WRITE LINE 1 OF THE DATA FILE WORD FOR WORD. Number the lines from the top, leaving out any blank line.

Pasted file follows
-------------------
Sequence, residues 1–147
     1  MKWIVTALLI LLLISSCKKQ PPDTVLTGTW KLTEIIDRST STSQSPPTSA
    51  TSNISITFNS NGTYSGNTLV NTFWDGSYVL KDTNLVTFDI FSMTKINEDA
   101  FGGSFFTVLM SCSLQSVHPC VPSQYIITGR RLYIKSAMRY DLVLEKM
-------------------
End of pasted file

Sequence, residues 1–147